Difference between Diarrhea and Dysentery

Key difference: Diarrhea and Dysentery are two different conditions that have similar symptoms. Diarrhea, also commonly spelled as diarrhea, is when a person has at least 3 or more loose stools in a day. Dysentery, on the other hand, is a severe infection in the intestine, especially the colon that results in diarrhea.

Diarrhea and Dysentery are two different conditions that have similar symptoms, which is why they are often confused. In fact, the terms are often also used interchangeably as many think that they mean the same thing. However, that is not the case.

The primary difference between the two is the fact that while dysentery is a condition, diarrhea can be a condition in itself or a symptom of another condition. Diarrhea, also commonly spelled as diarrhea, is when a person has at least 3 or more loose stools in a day. The reason behind this can be varied. It can be caused by anything including indigestion, eating something, upset stomach, or it can even be caused by an infection of some kind.

In addition to the loose stools, the most common symptoms of diarrhea include stomach pain, abdominal cramps, bloating, thirst, weight loss, and fever. It is most commonly caused by bacteria, viruses, or parasitic organisms. Usually the condition is mild and may even remedy itself. One can also try simple home remedies, or take over the counter medication. It is imperial to drink lots of fluids in order to avoid dehydration.

Dysentery, on the other hand, is a severe infection in the intestine, especially the colon. It is most commonly caused by a bacterial infection such as salmonella, shigella, campylobacter or e coli. This infection usually affects the way the intestine would normally process the food, thus resulting in diarrhea. It is also common for there to be blood in the stool, something that is not common in diarrhea normally.

It can be said that diarrhea is a symptom of dysentery, or even that dysentery is a specific type of diarrhea that includes blood in the stool and is caused by a bacterial infection. However, it should be noted that these sentences are neither technically correct nor wrong. This is why it is often confusing to differentiate between Diarrhea and Dysentery. Officially, Diarrhea and Dysentery are two different conditions.

Diarrhea is common and is usually not a cause for concern. In fact, it is estimated that a person may get diarrhea twice a year. However, if it lasts for more than two days or the person starts to get dehydrated, or there is blood in the stool or urine, then it is best to consult a doctor. If a person suspects that it may be something more than regular diarrhea then it is best to consult a doctor. Better safe than sorry.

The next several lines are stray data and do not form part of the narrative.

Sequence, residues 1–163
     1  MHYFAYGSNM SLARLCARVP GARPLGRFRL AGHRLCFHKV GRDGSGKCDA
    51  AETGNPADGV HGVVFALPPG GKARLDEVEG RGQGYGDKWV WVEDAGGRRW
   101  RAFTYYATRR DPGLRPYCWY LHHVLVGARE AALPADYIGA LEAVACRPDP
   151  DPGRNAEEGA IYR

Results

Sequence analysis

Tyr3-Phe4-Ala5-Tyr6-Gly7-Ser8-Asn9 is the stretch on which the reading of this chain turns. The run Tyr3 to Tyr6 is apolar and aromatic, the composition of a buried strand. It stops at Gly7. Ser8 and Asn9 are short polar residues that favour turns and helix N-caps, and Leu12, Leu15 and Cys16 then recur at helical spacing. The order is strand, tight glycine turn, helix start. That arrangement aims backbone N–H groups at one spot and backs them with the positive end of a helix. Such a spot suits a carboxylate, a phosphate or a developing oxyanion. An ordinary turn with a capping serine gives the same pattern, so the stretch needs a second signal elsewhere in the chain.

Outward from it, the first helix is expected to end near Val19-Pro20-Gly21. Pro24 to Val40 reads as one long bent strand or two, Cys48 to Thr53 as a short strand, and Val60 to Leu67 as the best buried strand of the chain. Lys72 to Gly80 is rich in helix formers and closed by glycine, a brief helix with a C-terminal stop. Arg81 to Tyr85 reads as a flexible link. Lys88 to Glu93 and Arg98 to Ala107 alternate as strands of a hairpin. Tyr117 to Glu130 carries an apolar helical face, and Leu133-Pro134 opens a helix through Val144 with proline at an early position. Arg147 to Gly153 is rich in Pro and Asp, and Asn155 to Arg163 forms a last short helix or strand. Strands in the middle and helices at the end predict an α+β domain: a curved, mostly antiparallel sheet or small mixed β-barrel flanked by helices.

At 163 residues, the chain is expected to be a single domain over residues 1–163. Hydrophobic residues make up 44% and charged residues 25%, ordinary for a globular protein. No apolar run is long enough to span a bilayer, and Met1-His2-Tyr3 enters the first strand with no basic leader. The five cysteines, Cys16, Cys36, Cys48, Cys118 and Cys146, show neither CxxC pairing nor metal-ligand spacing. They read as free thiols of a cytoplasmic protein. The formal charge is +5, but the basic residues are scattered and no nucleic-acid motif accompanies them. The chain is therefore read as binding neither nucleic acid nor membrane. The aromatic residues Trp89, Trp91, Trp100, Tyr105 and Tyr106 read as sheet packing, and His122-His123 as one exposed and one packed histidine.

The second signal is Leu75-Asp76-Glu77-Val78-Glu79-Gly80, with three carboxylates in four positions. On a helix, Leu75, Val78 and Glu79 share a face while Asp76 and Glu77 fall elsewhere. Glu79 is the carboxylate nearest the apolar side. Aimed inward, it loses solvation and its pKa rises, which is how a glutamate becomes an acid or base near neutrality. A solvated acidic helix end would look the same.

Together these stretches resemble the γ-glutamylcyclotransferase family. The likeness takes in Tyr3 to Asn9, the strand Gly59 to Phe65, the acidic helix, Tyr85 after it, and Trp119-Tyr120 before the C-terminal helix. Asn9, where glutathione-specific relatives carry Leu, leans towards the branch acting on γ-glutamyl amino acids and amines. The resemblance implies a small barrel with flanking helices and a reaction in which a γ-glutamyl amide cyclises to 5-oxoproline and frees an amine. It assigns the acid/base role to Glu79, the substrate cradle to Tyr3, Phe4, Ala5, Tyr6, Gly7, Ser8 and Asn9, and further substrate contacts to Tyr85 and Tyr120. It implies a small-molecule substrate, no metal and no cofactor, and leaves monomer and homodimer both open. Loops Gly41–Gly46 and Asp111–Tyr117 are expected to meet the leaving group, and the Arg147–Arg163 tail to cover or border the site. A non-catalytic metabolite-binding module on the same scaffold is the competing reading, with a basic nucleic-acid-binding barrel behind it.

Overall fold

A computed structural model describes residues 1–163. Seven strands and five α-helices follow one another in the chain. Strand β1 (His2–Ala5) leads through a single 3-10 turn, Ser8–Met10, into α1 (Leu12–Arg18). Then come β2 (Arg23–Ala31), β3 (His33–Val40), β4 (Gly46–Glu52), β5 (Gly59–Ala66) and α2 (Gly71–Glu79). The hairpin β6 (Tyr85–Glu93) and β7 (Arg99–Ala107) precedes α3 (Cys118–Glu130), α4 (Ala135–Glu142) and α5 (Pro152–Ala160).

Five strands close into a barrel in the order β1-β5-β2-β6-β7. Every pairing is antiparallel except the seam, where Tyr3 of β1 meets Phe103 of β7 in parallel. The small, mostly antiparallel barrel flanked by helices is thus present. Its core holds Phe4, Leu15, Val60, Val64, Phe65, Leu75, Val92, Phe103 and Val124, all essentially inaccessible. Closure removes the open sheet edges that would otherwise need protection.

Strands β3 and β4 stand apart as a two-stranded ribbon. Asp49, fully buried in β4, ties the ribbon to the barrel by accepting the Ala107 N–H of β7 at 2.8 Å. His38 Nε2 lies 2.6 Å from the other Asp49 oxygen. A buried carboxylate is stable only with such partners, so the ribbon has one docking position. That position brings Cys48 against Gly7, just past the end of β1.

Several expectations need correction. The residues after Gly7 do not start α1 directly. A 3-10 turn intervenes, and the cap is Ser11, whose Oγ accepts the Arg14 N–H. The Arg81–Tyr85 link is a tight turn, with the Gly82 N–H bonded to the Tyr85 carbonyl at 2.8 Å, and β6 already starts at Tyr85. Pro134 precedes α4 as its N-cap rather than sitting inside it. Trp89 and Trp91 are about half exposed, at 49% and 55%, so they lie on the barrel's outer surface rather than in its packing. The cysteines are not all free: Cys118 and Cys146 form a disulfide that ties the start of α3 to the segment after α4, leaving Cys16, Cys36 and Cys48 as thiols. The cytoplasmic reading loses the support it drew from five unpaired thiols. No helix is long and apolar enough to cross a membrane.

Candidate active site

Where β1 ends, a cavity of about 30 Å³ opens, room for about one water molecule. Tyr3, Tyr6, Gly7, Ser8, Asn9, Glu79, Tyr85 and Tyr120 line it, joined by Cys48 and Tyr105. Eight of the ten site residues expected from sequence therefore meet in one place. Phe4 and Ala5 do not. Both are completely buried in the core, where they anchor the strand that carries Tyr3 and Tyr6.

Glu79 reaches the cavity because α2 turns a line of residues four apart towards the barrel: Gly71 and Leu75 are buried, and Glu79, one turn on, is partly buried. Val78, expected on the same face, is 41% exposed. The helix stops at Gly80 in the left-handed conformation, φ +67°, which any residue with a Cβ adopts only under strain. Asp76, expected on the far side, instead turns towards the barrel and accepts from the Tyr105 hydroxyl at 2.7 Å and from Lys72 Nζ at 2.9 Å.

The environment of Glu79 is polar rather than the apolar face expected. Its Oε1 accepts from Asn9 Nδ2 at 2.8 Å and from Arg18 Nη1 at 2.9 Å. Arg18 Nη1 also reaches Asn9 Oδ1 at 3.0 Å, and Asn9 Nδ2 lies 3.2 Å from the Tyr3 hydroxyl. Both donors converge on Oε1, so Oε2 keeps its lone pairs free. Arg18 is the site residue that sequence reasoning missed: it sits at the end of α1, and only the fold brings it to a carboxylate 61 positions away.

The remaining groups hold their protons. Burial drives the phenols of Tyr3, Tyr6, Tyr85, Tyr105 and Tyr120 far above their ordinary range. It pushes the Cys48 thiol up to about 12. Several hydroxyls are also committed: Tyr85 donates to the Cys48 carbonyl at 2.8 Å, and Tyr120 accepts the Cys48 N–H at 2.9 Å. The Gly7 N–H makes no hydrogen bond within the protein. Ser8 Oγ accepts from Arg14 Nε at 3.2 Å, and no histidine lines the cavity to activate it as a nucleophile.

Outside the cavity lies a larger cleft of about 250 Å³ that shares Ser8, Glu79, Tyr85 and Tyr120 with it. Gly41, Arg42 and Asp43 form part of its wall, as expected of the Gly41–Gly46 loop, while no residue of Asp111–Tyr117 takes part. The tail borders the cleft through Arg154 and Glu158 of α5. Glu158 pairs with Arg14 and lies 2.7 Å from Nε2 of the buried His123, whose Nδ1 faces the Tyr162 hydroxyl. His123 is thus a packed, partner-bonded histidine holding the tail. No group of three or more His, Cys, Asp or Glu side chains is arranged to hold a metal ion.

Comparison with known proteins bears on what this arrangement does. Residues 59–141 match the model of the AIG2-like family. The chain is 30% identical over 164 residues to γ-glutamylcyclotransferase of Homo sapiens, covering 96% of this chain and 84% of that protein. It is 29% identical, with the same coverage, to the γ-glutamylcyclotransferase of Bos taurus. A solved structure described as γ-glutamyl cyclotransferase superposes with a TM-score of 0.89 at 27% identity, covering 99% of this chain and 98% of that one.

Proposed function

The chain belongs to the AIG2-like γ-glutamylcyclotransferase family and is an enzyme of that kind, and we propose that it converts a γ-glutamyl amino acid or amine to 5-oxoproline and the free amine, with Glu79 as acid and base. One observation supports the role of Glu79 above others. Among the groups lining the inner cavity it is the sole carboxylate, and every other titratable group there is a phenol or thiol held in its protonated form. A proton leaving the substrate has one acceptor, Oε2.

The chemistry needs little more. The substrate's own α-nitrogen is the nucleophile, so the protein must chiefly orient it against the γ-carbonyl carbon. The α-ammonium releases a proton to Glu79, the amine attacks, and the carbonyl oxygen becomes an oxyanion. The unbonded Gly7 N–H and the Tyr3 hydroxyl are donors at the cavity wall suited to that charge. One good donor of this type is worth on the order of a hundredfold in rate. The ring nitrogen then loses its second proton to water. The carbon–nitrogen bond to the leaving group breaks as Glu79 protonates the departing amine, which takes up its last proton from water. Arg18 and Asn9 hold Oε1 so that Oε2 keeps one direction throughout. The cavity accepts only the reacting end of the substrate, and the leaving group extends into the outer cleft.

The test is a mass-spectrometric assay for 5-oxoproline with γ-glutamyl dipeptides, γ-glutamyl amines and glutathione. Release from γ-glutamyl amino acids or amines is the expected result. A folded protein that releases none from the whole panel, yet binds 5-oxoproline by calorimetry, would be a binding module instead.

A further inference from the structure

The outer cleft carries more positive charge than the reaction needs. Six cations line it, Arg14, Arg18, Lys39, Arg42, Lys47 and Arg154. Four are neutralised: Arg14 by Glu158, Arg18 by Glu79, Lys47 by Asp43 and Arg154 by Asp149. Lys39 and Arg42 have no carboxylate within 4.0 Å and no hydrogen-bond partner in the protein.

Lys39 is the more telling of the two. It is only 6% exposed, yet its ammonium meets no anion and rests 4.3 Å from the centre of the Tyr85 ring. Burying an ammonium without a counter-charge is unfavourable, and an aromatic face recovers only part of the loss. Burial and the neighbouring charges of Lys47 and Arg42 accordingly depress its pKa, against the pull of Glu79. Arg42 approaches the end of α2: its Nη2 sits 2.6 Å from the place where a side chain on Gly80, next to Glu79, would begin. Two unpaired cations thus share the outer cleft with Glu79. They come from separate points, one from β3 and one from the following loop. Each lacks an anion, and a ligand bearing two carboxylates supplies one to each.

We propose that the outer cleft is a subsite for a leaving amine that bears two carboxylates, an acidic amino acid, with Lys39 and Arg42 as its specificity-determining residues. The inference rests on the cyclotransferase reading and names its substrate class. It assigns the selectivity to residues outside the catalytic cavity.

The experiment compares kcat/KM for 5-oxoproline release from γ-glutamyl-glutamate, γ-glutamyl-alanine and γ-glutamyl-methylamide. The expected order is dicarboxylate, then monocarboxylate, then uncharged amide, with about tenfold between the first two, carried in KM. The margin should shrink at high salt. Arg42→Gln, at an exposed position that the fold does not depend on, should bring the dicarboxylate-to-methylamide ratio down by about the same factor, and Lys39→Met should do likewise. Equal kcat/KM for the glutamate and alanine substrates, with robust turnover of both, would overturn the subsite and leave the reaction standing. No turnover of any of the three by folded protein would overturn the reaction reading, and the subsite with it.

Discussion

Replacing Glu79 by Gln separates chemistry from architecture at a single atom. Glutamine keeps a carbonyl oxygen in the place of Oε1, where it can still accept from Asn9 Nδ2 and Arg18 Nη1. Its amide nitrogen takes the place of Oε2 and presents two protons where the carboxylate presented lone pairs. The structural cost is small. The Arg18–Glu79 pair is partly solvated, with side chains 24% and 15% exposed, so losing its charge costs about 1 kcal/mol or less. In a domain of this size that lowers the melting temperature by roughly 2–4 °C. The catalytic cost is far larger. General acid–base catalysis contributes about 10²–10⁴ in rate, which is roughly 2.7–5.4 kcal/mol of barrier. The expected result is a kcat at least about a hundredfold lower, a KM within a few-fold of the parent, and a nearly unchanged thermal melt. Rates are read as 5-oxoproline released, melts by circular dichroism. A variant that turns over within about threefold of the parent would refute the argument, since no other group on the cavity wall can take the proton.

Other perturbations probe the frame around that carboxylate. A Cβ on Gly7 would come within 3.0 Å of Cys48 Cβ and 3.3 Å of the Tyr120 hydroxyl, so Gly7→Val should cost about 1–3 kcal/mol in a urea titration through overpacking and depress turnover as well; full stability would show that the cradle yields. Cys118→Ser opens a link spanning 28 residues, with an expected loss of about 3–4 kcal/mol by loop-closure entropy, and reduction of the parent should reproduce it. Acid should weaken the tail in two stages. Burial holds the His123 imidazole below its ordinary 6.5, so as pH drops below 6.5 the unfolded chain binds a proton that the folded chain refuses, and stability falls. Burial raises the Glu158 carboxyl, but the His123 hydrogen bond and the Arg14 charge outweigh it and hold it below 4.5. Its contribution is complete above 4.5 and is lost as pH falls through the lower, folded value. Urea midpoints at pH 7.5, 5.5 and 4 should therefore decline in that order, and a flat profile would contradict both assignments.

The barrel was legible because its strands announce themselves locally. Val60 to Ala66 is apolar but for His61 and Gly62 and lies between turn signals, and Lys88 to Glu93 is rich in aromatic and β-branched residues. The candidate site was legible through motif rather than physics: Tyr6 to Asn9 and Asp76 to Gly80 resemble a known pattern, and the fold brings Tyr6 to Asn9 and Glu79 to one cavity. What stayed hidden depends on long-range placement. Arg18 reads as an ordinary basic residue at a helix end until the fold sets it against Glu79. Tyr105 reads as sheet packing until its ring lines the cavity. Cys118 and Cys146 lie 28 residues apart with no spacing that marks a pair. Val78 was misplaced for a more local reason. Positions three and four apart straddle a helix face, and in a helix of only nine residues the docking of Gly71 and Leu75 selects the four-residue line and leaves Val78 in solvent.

Comparison between Diarrhea and Dysentery:

 

Diarrhea

Dysentery

Definition (Oxford Dictionaries)

A condition in which faeces are discharged from the bowels frequently and in a liquid form.

Infection of the intestines resulting in severe diarrhoea with the presence of blood and mucus in the faeces.

Description

Diarrhea is the condition of having at least three loose or liquid bowel movements each day.

Dysentery is a severe infection of the intestines usually caused by a bacterial infection such as salmonella, shigella, campylobacter or e coli.

Symptoms

Bloating in the belly

Cramps

Thin or loose stools

Watery stools

An urgent feeling to have a bowel movement

Nausea and throwing up

Diarrhea

Blood in Stool

Mucus or pus in Stool

Fever

Abdominal pain

Cramps and bloating

Flatulence

Urgency to pass stool

Feeling of incomplete Emptying

Loss of appetite

Weight loss

Headache

Fatigue

Vomiting

Dehydration

Serious Symptoms

Blood or mucus in the stool

Weight loss

Fever

Nausea

Severe pain in the abdomen or rectum

Diarrhea after coming back from a foreign country

Dark urine

Smaller than usual amounts of urine or fewer wet diapers than usual in a child

Rapid heart rate

Headaches

Dry skin

Irritability

Confusion

Feeling weak

Nausea

Weightloss

Delirium

Convulsions

Coma

Causes

A viral infection

Alcohol abuse

Allergies to certain foods

Diabetes

Diseases of the intestines

Eating foods that upset the digestive system

Infection by bacteria or other organisms

Laxative abuse

Medications

Overactive thyroid (hyperthyroidism)

Radiation therapy

Running

Some cancers

Surgery on the digestive system

Trouble absorbing certain nutrients, also called “malabsorption”

Bacterial infection

Viral infection

Parasitic worms

Protozoa

Affects

The stomach or intestines.

The intestines, especially the colon.

Treatment

Home Remedies

Over the Counter medicine

Oral rehydration solution (ORS)

Antibiotics

Home Remedies if mild

Over the Counter medicine if mild

Oral rehydration solution (ORS)

Antibiotics

Amoebicidal drugs

Reference: Oxford Dictionaries (Diarrhea and Dysentery), Wikipedia (Diarrhea and Dysentery),
WebMD, Medical News Today (Diarrhea and Dysentery), MedBroadcast
Image Courtesy: qsota.com, slideplayer.com

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